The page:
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Essential guide for earthworks in tiger country

22 November 2012

Essential guide for earthworks in tiger country

Forest owners and farmers now have access to detailed information about carrying out earthworks on steep hills that are often prone to erosion -- the tiger country where New Zealand’s plantation forests are increasingly grown.

To harvest those hills, you need highly skilled roading engineers and operators who can construct low-cost, fit-for-purpose, roads, culverts and landings that meet high environmental standards. They in turn need a source of reliable information about what works and what doesn’t work in difficult terrain and across a wide range of soil types.

Launching the New Zealand Forest Road Engineering Manual and associated Operators Guide, associate minister for primary industries Nathan Guy complimented the Forest Owners Association for taking the lead. Principal editor Brett Gilmore was praised for putting a huge amount of work into the project.

“The purpose of the Forest Road Engineering Manual is to provide a one-stop shop for information on all aspects of the planning, design, construction and maintenance of unsealed forest roads,” said Mr Guy.

“Road engineering is one of the most technically challenging and expensive parts of forestry. This manual documents best practice and provides all forest owners – large and small – with access to important information."

He said the publications were well-timed, because many owners who established forests in the 1990s are starting to make plans for developing their infrastructure. Many of these will be smaller owners harvesting for the first time.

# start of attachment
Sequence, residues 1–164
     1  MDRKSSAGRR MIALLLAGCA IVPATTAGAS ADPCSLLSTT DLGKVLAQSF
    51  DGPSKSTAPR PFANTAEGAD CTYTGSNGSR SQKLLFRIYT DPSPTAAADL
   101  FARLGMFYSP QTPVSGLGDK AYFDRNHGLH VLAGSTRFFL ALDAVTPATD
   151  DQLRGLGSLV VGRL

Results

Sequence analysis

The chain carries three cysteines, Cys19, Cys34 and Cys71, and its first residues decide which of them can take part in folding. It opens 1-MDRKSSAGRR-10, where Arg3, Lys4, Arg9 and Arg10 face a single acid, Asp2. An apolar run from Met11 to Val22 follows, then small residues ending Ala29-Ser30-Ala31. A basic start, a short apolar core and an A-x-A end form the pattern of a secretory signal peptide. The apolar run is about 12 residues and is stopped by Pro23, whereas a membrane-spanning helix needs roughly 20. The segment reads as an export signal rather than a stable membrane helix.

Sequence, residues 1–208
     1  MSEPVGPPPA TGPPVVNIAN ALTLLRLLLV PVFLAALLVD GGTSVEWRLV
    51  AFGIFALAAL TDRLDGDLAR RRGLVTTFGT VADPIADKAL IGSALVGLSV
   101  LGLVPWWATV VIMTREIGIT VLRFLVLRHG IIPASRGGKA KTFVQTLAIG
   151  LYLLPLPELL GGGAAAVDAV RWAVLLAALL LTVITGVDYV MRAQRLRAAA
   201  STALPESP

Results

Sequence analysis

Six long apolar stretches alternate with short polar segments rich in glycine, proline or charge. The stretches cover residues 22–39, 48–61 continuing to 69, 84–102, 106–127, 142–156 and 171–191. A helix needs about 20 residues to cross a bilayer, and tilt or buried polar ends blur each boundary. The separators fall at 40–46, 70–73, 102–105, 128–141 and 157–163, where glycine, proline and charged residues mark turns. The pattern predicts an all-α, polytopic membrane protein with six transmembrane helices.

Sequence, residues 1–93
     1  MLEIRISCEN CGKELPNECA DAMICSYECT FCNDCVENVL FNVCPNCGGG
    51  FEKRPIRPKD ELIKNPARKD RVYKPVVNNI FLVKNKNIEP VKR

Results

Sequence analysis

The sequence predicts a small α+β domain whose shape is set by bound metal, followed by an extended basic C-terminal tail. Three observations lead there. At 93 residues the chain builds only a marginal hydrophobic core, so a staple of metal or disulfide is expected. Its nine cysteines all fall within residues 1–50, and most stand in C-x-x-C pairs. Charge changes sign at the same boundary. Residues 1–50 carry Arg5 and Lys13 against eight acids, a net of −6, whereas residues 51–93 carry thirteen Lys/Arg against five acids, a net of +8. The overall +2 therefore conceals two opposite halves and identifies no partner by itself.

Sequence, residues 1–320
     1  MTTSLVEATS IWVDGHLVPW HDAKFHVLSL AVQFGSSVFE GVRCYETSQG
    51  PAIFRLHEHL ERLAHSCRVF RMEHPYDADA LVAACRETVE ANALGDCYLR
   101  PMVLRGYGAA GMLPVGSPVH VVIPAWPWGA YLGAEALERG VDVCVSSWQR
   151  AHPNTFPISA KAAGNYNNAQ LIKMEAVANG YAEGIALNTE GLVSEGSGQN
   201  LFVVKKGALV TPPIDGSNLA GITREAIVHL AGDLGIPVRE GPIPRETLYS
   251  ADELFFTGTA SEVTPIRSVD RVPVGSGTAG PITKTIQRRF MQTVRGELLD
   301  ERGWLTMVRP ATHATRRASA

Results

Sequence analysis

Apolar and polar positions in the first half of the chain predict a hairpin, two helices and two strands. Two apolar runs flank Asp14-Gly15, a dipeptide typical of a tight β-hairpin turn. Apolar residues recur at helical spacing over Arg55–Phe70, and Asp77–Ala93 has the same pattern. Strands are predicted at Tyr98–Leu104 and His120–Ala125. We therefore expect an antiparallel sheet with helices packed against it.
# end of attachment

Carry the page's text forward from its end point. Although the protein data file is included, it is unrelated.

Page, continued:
The annual harvest is forecast to climb to a projected 35 million cubic metres a year from the early 2020s. This could equate to 14,000 km of new harvest access roads in the next 10 years, at a cost of around a billion dollars.

“The guidance on sediment control and erosion will be of particular value to these owners, and links nicely with the National Policy Statement for freshwater with a wider environmental impact view,” Mr Guy said.

FOA transport committee chair Brian Pritchard said building roads through the bush was a core forestry skill, but in recent years harvesting crews have found themselves working more frequently in steep hill country.

“This has tested the roading and landing making skills of forest owners and contractors at a time when council water quality plans have been paying greater attention to the run-off of silt and other debris.

“But to their great credit, forest owners and contractors have risen to the challenge. They have identified practices that have performed well under storm conditions in very difficult country. They have also identified those practices that don’t perform well.

“The Manual and Operators Guide is the end result of this collaboration. It is also a beginning – an essential starting point for anyone, not just forest owners, contemplating building unsealed access roads in the New Zealand back country.”


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